Under the baton of Stéphane Denève, the Edinburgh Festival Chorus and the Royal Scottish National Orchestra gave an enthusiastic celebration of three of Francis Poulenc's best works.
Starting the programme was his Stabat mater (1951). A memorial piece for Poulenc's friend, artist Christian Bérard, the work is a choral masterpiece constructed in twelve movements, each with a specific tempo and character marking.
What struck most about this performance was the way in which Denève moulded the character of each movement. With an expressive interpretation, Denève captured the intricacies of each movement as well as building up to the climactic conclusion of the piece. The Edinburgh Festival Chorus revealed their true expertise in the last movement, Quando Corpus. Repeating the words 'Paradisi Gloria' ('the glory of paradise'), solo soprano Christine Brewer reached a thrilling climax as the piece gave way to an expressive bold chorale concluding with a surprising dissonant ending.
Occasional difficulties in reaching the highest notes (in the fourth and tenth movements the soprano lines were thin) were compensated for by beautiful sotto voce singing. As five out of the twelve movements are without orchestral accompaniment, the chorus was able to shine in Poulenc's beautiful a cappella writing.
A veteran of the organ world, Dame Gillian Weir performed Poulenc's Organ Concerto - the very piece with which she made her début at the Royal Albert Hall on the First Night of the Proms in 1964 whilst still a student. Majestically lit up, the Usher Hall's prize organ was powerful, sensitive and a treat to hear.
At twenty minutes long, Poulenc's piece uses the full capacity of the entire instrument from its most subtle stops to its loudest pedals. It is a substantial concerto which requires stamina, passion and bags of concentration. Weir weaved her interpretation of the concerto in an authoritative performance, flaunting a sustained touch and excellent control of the bass pedals.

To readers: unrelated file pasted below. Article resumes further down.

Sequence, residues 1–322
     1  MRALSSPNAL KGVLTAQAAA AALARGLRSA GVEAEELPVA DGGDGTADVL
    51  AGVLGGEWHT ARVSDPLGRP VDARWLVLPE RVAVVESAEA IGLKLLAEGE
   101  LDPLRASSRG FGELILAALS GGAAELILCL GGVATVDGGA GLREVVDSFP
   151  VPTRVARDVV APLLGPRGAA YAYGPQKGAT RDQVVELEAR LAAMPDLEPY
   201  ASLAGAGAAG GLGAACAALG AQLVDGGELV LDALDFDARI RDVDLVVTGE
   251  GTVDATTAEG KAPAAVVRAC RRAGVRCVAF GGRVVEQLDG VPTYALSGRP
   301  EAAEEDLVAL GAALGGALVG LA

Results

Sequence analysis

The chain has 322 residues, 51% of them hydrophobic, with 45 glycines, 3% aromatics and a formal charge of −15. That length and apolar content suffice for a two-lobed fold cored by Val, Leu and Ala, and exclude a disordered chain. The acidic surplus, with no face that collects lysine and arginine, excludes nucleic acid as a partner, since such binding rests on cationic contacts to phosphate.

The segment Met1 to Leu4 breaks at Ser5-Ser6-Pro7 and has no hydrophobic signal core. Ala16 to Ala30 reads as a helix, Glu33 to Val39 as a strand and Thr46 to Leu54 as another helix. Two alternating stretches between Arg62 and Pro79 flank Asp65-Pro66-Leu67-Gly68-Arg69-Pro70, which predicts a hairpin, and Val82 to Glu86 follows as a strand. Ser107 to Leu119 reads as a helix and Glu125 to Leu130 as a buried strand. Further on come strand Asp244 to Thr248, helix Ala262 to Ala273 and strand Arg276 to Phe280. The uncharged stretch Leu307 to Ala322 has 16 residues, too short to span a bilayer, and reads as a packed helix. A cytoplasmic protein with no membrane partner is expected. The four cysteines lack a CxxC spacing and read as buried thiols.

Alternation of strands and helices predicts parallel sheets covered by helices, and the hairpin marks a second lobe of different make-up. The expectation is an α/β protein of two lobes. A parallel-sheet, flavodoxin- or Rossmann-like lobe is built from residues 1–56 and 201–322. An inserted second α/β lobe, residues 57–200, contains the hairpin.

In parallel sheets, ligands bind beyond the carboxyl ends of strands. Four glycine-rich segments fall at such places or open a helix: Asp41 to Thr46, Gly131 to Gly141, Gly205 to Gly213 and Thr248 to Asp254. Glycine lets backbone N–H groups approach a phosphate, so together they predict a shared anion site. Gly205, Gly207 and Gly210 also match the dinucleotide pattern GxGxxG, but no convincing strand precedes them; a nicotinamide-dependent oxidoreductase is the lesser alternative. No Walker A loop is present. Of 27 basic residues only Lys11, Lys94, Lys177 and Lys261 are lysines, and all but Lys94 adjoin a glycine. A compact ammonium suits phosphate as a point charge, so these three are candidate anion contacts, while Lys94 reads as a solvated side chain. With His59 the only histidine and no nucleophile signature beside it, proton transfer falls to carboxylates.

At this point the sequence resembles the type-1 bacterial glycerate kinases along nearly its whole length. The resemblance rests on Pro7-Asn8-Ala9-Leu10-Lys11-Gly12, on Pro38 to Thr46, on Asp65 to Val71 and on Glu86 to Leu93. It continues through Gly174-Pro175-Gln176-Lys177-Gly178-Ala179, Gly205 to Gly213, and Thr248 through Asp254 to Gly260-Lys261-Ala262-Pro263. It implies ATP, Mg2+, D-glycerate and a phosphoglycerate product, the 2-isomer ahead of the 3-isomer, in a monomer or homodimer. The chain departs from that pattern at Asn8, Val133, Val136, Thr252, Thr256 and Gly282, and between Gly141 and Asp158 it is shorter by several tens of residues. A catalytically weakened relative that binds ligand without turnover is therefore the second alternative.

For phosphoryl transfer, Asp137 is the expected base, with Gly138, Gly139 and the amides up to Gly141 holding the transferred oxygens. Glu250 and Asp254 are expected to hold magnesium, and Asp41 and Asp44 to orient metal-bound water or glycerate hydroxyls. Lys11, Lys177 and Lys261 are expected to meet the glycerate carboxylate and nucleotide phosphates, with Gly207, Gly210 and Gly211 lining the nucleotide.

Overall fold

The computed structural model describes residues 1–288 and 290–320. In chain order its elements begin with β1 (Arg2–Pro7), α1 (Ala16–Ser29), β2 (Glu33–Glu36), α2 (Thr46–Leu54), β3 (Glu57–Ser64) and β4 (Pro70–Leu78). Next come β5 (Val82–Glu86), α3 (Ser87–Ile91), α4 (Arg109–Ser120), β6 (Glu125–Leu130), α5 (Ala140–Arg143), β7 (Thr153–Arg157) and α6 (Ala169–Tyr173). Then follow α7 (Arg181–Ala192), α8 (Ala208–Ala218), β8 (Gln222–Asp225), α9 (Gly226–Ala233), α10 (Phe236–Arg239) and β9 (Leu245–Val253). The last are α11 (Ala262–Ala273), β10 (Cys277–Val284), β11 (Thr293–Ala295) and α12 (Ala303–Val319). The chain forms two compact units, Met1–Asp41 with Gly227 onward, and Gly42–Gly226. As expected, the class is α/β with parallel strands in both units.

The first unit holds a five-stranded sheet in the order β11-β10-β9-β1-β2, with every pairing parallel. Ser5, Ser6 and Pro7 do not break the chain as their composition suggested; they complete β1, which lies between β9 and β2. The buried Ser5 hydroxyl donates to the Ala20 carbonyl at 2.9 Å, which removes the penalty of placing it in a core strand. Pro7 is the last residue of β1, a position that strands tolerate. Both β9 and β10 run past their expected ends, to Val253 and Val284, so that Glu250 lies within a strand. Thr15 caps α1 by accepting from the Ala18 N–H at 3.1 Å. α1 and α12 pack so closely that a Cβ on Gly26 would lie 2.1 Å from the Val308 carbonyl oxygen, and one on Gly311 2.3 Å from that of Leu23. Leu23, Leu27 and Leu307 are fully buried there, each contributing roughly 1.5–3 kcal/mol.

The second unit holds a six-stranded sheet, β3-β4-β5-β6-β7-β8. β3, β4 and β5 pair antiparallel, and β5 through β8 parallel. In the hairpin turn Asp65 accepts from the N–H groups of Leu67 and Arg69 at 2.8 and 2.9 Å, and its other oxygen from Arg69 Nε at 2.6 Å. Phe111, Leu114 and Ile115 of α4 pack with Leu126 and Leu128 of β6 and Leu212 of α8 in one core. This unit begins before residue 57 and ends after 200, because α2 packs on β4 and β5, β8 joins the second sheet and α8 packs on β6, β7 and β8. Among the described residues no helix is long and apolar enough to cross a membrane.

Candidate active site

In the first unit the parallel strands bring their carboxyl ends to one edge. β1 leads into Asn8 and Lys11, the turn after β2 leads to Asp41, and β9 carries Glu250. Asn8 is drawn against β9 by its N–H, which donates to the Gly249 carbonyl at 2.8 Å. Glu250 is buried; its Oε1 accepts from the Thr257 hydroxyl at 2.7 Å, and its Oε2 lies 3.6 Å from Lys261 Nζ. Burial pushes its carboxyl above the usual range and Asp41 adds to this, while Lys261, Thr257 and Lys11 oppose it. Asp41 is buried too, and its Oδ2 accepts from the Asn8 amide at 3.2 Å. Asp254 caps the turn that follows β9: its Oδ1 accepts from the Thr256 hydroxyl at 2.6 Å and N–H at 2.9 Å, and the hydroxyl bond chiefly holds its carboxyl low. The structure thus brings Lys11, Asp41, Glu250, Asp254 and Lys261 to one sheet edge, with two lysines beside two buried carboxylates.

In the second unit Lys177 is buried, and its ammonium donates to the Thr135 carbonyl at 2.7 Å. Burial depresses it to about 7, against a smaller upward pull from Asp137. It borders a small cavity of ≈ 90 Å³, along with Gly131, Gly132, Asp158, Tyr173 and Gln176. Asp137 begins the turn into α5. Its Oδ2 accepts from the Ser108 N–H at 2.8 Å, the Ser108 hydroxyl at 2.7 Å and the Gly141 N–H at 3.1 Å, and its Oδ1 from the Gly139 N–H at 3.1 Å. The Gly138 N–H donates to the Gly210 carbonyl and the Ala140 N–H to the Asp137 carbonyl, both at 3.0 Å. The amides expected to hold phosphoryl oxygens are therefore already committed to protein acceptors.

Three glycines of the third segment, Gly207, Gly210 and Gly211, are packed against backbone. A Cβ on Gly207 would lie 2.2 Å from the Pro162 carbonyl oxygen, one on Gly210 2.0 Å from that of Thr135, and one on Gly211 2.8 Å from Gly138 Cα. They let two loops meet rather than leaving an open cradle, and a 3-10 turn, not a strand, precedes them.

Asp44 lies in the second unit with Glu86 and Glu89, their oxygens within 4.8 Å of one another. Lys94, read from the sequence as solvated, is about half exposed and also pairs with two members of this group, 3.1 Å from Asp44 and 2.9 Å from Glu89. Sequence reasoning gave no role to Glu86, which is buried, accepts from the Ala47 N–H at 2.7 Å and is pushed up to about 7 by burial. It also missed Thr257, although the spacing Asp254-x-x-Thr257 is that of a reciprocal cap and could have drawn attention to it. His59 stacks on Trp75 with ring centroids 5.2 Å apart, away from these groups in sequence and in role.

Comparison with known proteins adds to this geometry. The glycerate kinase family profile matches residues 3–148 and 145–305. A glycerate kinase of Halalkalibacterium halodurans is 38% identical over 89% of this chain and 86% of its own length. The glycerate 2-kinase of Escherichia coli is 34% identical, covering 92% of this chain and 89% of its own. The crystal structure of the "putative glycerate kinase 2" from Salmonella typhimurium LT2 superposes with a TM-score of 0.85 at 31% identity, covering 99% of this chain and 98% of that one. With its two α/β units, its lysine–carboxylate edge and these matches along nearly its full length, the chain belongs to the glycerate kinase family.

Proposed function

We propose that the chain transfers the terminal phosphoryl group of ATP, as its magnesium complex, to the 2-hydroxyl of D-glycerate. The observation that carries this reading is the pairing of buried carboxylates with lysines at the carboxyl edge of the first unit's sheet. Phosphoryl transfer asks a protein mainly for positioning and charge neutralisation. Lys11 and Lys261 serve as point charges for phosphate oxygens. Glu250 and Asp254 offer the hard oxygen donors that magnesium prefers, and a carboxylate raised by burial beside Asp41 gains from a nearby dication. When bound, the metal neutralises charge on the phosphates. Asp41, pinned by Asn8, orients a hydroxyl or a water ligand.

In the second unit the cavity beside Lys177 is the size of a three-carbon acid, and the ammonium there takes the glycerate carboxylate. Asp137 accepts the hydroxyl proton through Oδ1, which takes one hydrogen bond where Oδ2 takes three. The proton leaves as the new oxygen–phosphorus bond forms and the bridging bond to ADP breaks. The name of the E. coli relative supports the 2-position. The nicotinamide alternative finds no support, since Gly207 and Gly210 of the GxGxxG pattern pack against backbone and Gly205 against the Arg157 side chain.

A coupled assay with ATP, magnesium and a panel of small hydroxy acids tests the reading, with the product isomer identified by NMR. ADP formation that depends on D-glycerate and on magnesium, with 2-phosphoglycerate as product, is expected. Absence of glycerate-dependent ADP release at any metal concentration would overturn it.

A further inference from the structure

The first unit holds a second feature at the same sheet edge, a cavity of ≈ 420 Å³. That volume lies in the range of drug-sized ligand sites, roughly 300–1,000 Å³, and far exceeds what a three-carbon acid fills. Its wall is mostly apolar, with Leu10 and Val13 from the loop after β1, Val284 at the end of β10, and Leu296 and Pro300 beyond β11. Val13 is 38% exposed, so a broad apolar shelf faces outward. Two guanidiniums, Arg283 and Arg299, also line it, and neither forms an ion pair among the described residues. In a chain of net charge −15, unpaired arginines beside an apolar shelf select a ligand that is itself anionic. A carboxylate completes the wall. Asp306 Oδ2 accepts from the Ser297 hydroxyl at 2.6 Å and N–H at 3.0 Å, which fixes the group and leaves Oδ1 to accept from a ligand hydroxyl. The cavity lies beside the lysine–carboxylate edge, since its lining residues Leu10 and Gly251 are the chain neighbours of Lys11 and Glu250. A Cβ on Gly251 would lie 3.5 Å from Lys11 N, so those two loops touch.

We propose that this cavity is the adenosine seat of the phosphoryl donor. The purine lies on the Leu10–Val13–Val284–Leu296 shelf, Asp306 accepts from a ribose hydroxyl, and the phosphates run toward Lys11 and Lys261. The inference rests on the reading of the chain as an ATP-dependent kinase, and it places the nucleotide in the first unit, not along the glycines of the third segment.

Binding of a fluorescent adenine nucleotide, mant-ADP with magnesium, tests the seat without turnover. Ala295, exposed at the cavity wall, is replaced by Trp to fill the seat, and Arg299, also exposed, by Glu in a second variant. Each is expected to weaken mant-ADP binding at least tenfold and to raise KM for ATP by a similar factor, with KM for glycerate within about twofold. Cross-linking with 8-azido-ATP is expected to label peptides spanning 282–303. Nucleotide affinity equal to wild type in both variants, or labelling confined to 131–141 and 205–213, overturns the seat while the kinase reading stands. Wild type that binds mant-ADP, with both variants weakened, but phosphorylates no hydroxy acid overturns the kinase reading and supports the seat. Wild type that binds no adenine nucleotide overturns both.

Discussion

Not to be outdone, the players of the RSNO proved themselves as capable accompanists. In the opening movement, timpanist Martin Gibson created an intimate duet complementing the solo organ with his soloistic part.
But perhaps the most exciting piece in the programme was the last. A talented group of young singers from the Royal Scottish Academy of Music and Drama joined established soloists in an exciting and tense collaboration of excepts from Poulenc's opera Dialogues de Carmélites.
The selections were well chosen and showed off the very best of the singers whilst not losing the thread of the original plot. A fast and furious opening began with an anxious ring of the bell announcing the arrival of an unknown man (Blanche's brother, Le Chevalier de la Force). Rebecca Bottone portrayed an anxious Soeur Constance singing high pitched, strained gestures, creating a tense atmosphere which set the tone for the rest of the performance.
Projecting well with a rich tone was tenor Thomas Walker (Le Chevalier) who really stole the show. The ensuing discussion with Blanche de la Force (Rosemary Joshua) in the third tableau was perhaps the most heart rending of the performance. Walker established Poulenc's recurring motif as different and more special each time.
For the final scene, professional soloists were joined by fourteen RSAMD singers playing the role of the Carmélite nuns. Beautifully dramatic, the chorus sang with the tone of death whilst facing the crush of the guillotine. Harsh harmonies and dissonant ostinatos filtered into a final tragic duet between Bottone and Joshua. With the inevitable bells chiming, Denève's passionate conducting cued the final morbid thud of the guillotine, ending the piece with a final atmospheric pianissimo pizzicato.
An excellent and enjoyable performance celebrating Poulenc's music in style.
By Mary Robb